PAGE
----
United Linux

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Web site: unitedlinux.com (not active)
Origin: USA
Category: Desktop, Server
Desktop environment: GNOME, KDE
Architecture: x86
Based on: openSUSE
Wikipedia: United Linux
Media: Install
The last version | Released: 1.0 | November 19, 2002

United Linux – a consortium of Linux distributors which created a common base distribution for enterprise use. The founding members of United Linux were SUSE, Turbolinux, Conectiva and Caldera International.

United Linux 1.0 is a business-oriented system that is stable, scalable and reliable, with a quality that is as good as expensive commercial operating systems. UL 1.0 was initially available in English, Japanese, Simplified Chinese (PRC), Korean, Portuguese, Italian, Spanish, German, Hungarian and French. Manufacturers of this distribution list among the greatest advantages: compliance with standards, scalability, wide availability, security. The hardware platforms include: Intel (32 and 64-bit), AMD, PowerPC (IBM eServer iSeries and pSeries) and IBM eServer zSeries. United Linux is capable of supporting up to 64 gigabytes of RAM.

The official “release party” of the 1.0 was made at Comdex, and the sponsors of the ceremony were IBM and Hewlett-Packard.

The project ended on January 22, 2004.

Download

No download is available.
md5sum:

 

ExOS

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Web site: pdos.csail.mit.edu/archive/exo/
Origin: USA
Category: Server
Desktop environment: CLI
Architecture: x86
Based on: Independent
Wikipedia: Exokernel
Media: Install
The last version | Released: 06.22.2000 | June 22, 2000

ExOS – an operating system kernel developed by the MIT Parallel and Distributed Operating Systems group, and also a class of similar operating systems.

An exokernel eliminates the notion that an operating system should provide abstractions on which applications are built. Instead, it concentrates solely on securely multiplexing the raw hardware: from basic hardware primitives, application-level libraries and servers can directly implement traditional operating system abstractions, specialized for appropriateness and speed.

The newest exokernel is XOK, which runs on PC hardware, and ExOS, our first library operating system (libos). The ExOS library provides a user-level and extensible implementation of an UNIX operating system. Most UNIX applications like gcc, perl, apache, tcsh, and telnet compile and work without changes using ExOS. Further, measurements of application performance show that ExOS performs at least as well as OpenBSD and FreeBSD and much better when using specialized libos’s. For example, the Cheetah web server built on top of XOK performs eight times faster than NCSA or Harvest and three to four times faster than IIS running on Windows NT Enterprise Edition.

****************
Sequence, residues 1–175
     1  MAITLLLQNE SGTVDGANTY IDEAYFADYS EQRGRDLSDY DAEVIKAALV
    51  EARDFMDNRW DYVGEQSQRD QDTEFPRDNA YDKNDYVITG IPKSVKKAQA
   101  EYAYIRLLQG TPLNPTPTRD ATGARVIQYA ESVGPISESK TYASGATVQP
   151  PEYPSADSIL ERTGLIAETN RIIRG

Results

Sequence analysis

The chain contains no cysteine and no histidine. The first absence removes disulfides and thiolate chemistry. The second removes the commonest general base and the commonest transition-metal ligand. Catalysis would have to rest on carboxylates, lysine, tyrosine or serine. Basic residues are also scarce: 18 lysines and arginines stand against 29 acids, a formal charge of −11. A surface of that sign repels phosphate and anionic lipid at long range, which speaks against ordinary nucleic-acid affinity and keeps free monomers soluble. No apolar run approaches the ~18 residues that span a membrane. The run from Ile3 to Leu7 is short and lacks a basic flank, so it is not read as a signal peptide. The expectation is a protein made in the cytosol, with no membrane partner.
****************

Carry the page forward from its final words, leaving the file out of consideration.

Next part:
The current exopc distribution contains the entire source tree for the XOK kernel, ExOS library operating system, and assorted user-level programs and tools for building the system. OpenBSD or Linux with libc6 is required to build the system and only certain disk and ethernet controllers are supported. It was written by a variety of people over the past four years under DARPA sponsorship. Currently, the system is still under active development by PDOS at MIT, Greg Ganger’s group at CMU, and Exotec.

Exopc is stable enough to do libos and application development but there are still many bugs and features that have not yet been implemented. Do not expect to compile everything and replace your current system with XOK/ExOS. However, things are progressing rapidly and hopefully with making the sources public the ‘net world at large can help speed development. Any additions or bug fixes are greatly welcomed and will be considered for incorporation into the main source tree.

Copyright (C) 1997 Massachusetts Institute of Technology; some code in this distribution is covered by the GNU General Public License; some files include the following copyright: Copyright (C) 1998 Exotec, Inc. (free).

Primary authors (alphabetical order):
– Hector Briceno
– Dawson Engler
– Greg Ganger
– Rusty Hunt
– John Jannotti
– Frans Kaashoek
– David Mazieres
– Tom Pinckney

Other authors (alphabetical order):
– Josh Cates